Most hybrid enamel paints come in satin and semi-gloss. Satin falls right between semi-gloss and eggshell finish. Benjamin Moore makes a broader range of products, including high-gloss for that candy-coated finish on your cabinets. And they also make a matte finish for a more durable paint specific for wood cabinets.

Again, pick whatever sheen makes you happiest. Just know that the more matte you go, the more it’ll show dirt and wear. The more high-gloss you go, the more difficulty you’ll have getting a smooth finish on your cabinets.

How Do I Get a Smooth Finish on Kitchen Cabinets?

The best paint for cabinets is only as good as the prep work for your DIY project.
The perfect color and sheen mean nothing without a perfect finish.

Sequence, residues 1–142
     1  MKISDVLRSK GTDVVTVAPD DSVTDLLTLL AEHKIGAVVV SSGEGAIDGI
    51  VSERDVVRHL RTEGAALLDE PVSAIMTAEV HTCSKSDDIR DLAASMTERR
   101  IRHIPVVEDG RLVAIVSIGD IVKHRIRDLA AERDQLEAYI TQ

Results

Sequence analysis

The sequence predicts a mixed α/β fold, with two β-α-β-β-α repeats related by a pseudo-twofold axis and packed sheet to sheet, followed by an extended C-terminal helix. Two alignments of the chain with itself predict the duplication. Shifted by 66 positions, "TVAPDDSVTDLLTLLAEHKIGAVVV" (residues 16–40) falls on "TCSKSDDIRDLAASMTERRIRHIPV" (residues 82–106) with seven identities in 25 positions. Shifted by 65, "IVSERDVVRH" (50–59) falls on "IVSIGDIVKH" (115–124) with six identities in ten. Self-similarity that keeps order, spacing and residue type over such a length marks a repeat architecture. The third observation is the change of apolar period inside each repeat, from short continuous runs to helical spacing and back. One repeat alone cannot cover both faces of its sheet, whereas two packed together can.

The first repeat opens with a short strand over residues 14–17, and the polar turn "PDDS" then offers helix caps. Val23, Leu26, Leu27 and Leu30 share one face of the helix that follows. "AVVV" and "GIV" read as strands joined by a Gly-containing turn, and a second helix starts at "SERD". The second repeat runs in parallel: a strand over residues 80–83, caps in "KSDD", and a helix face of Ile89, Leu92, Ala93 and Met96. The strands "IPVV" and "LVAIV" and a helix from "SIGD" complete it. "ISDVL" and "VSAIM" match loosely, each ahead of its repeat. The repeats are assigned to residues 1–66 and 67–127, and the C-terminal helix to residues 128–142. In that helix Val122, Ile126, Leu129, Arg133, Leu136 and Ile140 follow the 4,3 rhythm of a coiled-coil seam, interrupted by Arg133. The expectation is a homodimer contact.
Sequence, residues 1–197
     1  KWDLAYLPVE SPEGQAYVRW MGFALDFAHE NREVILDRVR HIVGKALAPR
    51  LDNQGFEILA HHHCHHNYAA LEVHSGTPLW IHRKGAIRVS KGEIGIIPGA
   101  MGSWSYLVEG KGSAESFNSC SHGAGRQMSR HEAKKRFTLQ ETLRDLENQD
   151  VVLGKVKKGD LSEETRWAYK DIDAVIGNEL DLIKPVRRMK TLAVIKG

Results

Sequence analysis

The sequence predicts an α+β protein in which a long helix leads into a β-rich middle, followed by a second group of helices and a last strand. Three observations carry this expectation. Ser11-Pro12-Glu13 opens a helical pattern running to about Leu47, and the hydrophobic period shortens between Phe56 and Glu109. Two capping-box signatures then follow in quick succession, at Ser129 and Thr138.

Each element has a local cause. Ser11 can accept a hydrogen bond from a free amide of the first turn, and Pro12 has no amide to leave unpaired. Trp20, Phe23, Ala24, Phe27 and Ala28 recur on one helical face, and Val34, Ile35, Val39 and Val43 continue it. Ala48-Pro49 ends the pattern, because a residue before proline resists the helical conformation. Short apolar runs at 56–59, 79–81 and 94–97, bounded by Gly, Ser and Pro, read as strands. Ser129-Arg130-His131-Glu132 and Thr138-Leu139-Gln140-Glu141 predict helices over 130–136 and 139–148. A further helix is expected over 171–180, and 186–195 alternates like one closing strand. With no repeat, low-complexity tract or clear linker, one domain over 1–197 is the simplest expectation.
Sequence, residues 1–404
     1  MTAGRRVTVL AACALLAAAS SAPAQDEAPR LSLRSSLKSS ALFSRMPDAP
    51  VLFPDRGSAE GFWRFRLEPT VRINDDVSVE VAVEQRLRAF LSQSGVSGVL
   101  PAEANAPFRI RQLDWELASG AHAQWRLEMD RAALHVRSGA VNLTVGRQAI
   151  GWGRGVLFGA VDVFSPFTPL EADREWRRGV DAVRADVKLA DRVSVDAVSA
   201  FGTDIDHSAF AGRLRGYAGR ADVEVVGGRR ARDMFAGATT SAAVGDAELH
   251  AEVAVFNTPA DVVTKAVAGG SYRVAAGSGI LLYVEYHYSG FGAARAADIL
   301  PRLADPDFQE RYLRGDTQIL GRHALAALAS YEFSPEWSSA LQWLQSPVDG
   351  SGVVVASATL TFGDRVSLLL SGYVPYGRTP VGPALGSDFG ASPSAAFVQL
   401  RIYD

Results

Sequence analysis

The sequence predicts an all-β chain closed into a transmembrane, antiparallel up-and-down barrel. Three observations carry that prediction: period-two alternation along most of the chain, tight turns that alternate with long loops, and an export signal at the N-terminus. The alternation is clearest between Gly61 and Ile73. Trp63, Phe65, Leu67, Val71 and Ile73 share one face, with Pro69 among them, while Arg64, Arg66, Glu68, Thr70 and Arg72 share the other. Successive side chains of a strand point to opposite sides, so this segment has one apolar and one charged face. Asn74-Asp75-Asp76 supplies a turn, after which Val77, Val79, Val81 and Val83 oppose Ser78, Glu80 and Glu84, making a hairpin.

Patience and prep work are vital to getting a professional-quality smooth finish on your kitchen cabinets, even when you use the best paint for cabinets. All DIY-paint projects involve a lot of prep work, just like the professionals do. The more thorough your prep, the easier the painting will be, and the better the finished product. Check out our ultimate guide to painting kitchen cabinets for all the tips and tricks from start to finish.

One of the easiest ways to get a smooth finish on your kitchen cabinets is to use flood coating with your primer. Always sand in between coats of paint. It helps the new layer of paint bond with the previous layer and the primer to make a more even coat.

What is Flood Coating?

The best paint for cabinets goes on over a flood coat of paint which fills in the pores and grain in the wood.
Learning how to flood coat can transform old or worn-out cabinets with a perfect top coat.